Russ Batenhorst It’s a long, long way to Memorial Day


Whew, is it really Friday? I think I’ve said this before, but I think we’re at the end of the longest workweek of the year. And I don’t mean “so far.” I know we’re only 10 days into the New Year, so of course this would be the longest. I’m thinking long term.

I know, too, that I’m one of the lucky ones. For the most part, for me the workweek is five days long, Monday through Friday. There are lots of people who put in longer, harder days and longer, harder weeks, but why let facts like that get in the way of a good gripe session?

So, gripe I will.

Just look back at the calendar a little bit to see why this past week has been such a long one. It’s my first full workweek in some four weeks.

The last two weeks had the holidays right smack dab in the middle of them. And I burned an allotted day off the week before Christmas.

So there’s three straight weeks with less than a full five days at the office. Even then, there wasn’t much separation between Thanksgiving and my personal stretch of short weeks.

Thus, looking back — and looking ahead — makes this seem like the longest week of the year. Looking ahead, it’s a long time to Memorial Day. That’s my next scheduled weekday off. I’m sure I’ll manage to plug in a day or two along the way, though. I just need a good reason.

HOW COLD IS TOO COLD?

I know, maybe it will get so cold, that I can’t go to work. Nah, that would never happen, would it?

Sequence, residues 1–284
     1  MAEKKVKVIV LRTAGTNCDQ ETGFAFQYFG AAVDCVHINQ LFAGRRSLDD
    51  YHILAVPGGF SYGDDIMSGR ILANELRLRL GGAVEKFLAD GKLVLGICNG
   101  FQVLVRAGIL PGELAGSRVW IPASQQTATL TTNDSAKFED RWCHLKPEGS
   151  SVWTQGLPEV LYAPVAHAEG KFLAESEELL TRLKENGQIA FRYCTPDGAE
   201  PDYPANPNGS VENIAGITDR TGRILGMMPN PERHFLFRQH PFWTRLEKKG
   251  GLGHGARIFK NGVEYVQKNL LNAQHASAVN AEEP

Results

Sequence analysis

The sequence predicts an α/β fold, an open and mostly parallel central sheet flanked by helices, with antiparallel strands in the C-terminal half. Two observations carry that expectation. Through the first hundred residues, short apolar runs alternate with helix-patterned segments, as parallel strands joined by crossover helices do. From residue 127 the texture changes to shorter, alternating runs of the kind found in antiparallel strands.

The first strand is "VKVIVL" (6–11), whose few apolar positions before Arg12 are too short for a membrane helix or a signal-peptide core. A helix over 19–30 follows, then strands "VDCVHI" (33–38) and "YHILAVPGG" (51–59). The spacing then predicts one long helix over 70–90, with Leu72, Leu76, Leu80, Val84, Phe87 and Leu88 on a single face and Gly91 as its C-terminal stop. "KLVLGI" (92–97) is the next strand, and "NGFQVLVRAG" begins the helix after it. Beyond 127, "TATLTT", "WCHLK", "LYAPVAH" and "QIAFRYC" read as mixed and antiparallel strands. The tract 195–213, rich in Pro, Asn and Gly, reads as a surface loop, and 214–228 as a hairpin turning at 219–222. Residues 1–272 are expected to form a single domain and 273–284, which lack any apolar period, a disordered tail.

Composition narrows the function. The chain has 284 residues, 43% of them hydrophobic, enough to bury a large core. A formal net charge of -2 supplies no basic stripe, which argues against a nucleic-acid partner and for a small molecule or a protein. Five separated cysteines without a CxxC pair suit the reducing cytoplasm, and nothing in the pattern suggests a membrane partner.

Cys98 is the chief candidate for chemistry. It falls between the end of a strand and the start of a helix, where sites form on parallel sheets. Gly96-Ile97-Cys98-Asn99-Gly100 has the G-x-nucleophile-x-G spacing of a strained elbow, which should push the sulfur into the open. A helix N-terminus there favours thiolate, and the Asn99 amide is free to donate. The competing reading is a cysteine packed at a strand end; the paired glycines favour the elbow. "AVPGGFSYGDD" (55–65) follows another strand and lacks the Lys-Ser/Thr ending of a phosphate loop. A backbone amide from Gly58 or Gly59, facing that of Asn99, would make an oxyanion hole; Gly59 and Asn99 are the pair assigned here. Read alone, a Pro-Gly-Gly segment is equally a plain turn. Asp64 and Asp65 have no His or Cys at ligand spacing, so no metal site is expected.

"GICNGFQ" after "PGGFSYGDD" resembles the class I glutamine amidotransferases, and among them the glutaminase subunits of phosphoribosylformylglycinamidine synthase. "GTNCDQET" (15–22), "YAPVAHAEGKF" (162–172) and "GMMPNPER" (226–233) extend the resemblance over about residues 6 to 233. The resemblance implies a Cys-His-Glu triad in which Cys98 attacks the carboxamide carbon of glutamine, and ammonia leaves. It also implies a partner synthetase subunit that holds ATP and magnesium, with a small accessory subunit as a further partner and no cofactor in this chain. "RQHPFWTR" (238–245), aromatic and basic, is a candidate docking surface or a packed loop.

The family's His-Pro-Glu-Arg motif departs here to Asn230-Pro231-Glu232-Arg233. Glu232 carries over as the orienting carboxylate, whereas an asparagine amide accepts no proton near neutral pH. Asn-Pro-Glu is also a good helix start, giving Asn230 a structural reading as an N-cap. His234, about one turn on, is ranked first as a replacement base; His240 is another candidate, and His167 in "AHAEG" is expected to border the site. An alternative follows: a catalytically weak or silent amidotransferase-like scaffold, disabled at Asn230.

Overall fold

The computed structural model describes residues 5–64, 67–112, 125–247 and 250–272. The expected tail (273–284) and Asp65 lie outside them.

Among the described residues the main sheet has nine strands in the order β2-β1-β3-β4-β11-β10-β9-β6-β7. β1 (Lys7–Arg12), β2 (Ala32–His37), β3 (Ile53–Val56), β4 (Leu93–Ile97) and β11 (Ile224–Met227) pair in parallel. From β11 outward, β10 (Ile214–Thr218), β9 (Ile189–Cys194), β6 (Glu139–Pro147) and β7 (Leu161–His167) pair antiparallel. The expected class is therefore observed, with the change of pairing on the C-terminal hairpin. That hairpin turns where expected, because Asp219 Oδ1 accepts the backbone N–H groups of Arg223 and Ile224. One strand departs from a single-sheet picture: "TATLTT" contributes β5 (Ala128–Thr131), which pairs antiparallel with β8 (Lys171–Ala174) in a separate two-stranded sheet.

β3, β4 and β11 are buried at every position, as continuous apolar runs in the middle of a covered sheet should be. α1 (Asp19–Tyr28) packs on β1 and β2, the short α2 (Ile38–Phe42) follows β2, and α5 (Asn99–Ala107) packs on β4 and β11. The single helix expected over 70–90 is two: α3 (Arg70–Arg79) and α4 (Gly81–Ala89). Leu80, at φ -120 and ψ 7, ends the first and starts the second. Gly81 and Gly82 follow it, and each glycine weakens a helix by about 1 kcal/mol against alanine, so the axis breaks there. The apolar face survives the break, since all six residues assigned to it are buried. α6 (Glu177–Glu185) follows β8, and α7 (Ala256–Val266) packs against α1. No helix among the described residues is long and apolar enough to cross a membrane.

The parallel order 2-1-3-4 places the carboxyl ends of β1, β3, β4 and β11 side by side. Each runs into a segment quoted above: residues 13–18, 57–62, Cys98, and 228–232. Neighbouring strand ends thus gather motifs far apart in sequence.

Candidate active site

Wait a minute, it did for some. I have to be careful here not to slip into my “crabby-old-man” mode. But raise your hand out there if you reacted to the news of schools and businessrs closing because of the cold earlier this week with something along the lines of “they never did that when I was a kid!”

Yea, I know, the wind chills, if not just the plain ol’ temperature, were in the dangerous levels, but I’m pretty sure it gets cold around here most every year about this time.

I talked to a customer at work that day who’s in the feedlot business. He didn’t seem too disappointed that we never missed school for “cold days” when we were younger.

For him, he said if he woke up to news of no school due to cold weather, the next sound he would hear would be his dad telling him to get his coat on and come out and help him with some chores.

Not that I didn’t think about it. With schools and other services deciding to lay low on Monday, I couldn’t help but think this might be my chance.

I could call the boss and say I’m too concerned about the dangers of the wind chills to come to work. I’m thinking he would have had a question or two for me though.

Like, “Does the heater in your car still work? Is there a windshield in your car? Have you heard something about the furnace being broken at work that I haven’t?”

You know, simple things like that. Outside exposure at my work doesn’t consist of much more than if I volunteer to walk the 50 yards to the mailbox.

I guess I’ll have to come up with something else to squeeze in another short workweek. State tournaments will be here before you know it.

CLOSE, BUT NO RIBBON

I keep finding out the hard way that I can’t give up my day job. Once again I participated in two bowl game pools — for recreational purposes only, of course — for the just completed college football bowl season.

Both pools gave out “ribbons” to those in the top four when it was all over. In both, I tied for fourth, only to lose out when tiebreaker protocols were invoked.

I guess it serves me right that in one of them, the person who aced me out picked Nebraska to win their game and I, well, didn’t.

But I really did enjoy the Husker win. I’d like to think it was Ball State that messed it up for me.



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